A full search of the coast was immediately put into place. The coastguard found the remains of a paddle, the raft, and several life preserves, but no bodies were ever recovered. They also found one of the Anglin’s wallet, containing names and addresses of friends and family. The FBI concluded while it was possible one or more of the escapees could have made it to land, it was unlikely, due to the water temperature and the strength of the current in the bay. The FBI website says, “We officially closed our case on December 31, 1979, and turned over responsibility to the U.S. Marshals Service, which continues to investigate in the unlikely event the trio is still alive.” However, the US Marshals still classify it as an open investigation, and as recently as 2009, according to NPR, the Director told NPR that he was still regularly obtaining leads in the case and they are actively pursuing them.
Since then, Mythbusters have tested their escape and found it possible they survived. Evidence was released that the FBI did find footprints on an island nearby where the boat was found. The FBI once said the plan was to steal clothes and a car when they got to land, and there were no cars stolen in the area that night. That was later disputed. Anglin family members suggested they met with their brothers at the prison where they paid off the guards. Family and friends of both the Anglins and Morris claimed they have met with them since the escape. There is suggestion that they all ended up in Brazil. According to this CBS article, John wrote a letter to CBS San Fransisco saying, “My name is John Anglin. I escape from Alcatraz in June 1962 with my brother Clarence and Frank Morris. I’m 83 years old and in bad shape. I have cancer. Yes we all made it that night but barely!” This led to the FBI reopening the case. The letter also told the paper that Morris died in 2008, and Clarence died in 2011.
Another huge moment for the island came after the prison closed in 1963. In 1964, for four hours, a group of forty Sioux Indians, journalists, photographers, and a lawyer occupied the island. This was a publicity stunt for a movement to increase media attention on the Civil Rights protests already occurring in San Francisco. They claimed the US Government offered them 47 cents per acre when they originally took the island from the Indians, and they were offering to pay the government back in full: $9.40. Under threat of a felony charge, they left. In November 1969, after the loss of the Indian Center in San Francisco, and threat the island would be turned over for commercial use, another symbolic occupation took place. Though only 14 of the attempted 89 occupiers actually landed on the island at first, nearly 400 occupied it at its most populated time. This number came after many friends and family of the occupiers, supported by many artists and interest groups brought supplies to the occupiers. This occupation lasted 19 months before it ended peacefully, and lead to much of the graffiti on the island.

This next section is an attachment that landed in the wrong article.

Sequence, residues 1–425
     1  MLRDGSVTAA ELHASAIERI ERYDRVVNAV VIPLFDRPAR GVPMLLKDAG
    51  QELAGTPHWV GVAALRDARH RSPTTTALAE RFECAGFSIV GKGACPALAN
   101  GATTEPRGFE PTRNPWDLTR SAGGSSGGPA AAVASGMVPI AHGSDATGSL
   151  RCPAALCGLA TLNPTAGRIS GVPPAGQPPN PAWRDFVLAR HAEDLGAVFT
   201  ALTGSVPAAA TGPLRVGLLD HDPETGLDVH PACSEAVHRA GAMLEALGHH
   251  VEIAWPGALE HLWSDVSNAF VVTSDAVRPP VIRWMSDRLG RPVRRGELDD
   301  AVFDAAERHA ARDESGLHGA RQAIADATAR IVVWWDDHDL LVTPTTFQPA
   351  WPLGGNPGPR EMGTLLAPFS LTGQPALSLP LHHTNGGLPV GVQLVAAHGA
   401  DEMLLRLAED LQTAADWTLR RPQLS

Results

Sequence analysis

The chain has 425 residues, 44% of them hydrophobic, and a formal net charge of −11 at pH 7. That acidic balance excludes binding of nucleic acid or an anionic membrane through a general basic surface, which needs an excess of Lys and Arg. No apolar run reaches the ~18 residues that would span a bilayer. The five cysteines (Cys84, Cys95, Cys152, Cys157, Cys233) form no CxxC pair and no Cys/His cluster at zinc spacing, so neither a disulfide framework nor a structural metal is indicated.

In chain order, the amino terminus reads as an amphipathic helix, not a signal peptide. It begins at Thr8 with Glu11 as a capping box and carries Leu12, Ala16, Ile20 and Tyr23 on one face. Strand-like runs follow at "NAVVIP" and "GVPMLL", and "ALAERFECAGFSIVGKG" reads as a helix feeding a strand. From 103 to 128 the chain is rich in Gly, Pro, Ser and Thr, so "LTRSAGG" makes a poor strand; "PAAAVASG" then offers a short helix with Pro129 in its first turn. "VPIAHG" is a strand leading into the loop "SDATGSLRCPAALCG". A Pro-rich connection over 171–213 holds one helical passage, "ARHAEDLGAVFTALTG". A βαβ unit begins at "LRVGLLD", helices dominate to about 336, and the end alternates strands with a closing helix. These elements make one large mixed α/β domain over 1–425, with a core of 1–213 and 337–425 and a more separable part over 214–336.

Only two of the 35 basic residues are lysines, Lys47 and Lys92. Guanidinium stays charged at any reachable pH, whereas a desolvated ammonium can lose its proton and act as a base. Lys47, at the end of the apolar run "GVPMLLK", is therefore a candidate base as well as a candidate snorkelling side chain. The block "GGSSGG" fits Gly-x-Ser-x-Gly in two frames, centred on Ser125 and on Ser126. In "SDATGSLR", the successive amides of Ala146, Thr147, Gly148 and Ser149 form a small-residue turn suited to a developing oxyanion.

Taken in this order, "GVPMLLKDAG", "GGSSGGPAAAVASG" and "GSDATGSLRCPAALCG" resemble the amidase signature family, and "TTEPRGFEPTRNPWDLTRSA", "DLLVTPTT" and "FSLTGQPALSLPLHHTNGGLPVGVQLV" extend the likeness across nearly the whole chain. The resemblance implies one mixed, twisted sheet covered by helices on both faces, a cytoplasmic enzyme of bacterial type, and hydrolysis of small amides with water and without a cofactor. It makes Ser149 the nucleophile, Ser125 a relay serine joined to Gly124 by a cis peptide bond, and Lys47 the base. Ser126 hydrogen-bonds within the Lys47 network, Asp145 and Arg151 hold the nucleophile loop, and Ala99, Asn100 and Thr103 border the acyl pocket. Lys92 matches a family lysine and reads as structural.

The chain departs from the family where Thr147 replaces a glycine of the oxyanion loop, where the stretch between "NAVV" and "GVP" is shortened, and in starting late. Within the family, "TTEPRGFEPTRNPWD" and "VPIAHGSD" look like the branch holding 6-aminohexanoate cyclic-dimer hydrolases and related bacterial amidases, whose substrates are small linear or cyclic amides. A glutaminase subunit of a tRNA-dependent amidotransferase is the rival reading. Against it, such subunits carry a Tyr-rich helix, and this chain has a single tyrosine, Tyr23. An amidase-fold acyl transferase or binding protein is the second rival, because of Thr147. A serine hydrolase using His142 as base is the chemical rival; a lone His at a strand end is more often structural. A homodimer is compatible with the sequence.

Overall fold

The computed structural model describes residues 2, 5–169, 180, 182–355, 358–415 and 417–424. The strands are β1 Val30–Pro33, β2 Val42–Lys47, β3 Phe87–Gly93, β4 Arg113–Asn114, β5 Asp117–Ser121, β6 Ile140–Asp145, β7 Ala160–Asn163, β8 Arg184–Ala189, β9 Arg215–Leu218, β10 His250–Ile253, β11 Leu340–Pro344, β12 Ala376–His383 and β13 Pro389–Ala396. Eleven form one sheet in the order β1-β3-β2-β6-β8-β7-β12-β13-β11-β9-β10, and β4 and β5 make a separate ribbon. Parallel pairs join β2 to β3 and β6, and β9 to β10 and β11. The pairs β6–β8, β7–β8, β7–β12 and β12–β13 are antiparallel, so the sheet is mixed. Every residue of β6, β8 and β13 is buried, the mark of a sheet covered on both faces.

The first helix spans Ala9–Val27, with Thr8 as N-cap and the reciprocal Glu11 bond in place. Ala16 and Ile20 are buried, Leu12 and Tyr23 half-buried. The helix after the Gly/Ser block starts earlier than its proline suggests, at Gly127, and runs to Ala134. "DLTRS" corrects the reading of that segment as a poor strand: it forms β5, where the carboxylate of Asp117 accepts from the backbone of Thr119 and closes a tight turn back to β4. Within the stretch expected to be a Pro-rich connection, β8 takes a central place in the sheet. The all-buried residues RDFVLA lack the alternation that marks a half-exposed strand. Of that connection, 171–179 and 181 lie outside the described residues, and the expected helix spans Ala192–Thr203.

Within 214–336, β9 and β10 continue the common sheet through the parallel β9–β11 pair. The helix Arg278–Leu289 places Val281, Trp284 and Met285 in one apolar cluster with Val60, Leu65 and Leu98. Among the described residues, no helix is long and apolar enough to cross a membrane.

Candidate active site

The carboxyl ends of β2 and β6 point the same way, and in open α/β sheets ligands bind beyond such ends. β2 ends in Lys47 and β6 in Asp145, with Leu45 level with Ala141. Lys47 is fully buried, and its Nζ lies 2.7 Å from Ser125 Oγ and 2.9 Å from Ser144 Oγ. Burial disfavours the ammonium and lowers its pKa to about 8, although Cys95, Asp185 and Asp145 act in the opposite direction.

The history of the island was as much for me and my interests as it was for you. My own personal experiences will be continued in next week’s blog post, along with a comparison to the fictional Azkaban.
Thompson, Erwin H. The Rock: A History of Alcatraz Island 1847-1972. Department of Interior. Denver, Co.
“Full History.” Alcatraz History, Ocean View, http://www.alcatrazhistory.com/.
“FBI History.” Federal Bureau of Investigation, Rovi Corporation, web.archive.org/web/20080708204018/http://www.fbi.gov/fbihistory.htm.
Sullivan, Laura. “Escape From Alcatraz And A 47-Year Manhunt.” NPR, NPR, 21 Sept. 2009, http://www.npr.org/templates/story/story.php?storyId=112746496&ps=cprs.
“Alcatraz Inmates Survived Infamous 1962 Escape, Letter Suggests.” CBS News, CBS Interactive, 24 Jan. 2018, http://www.cbsnews.com/news/alcatraz-inmates-survived-infamous-1962-escape-letter-suggests/.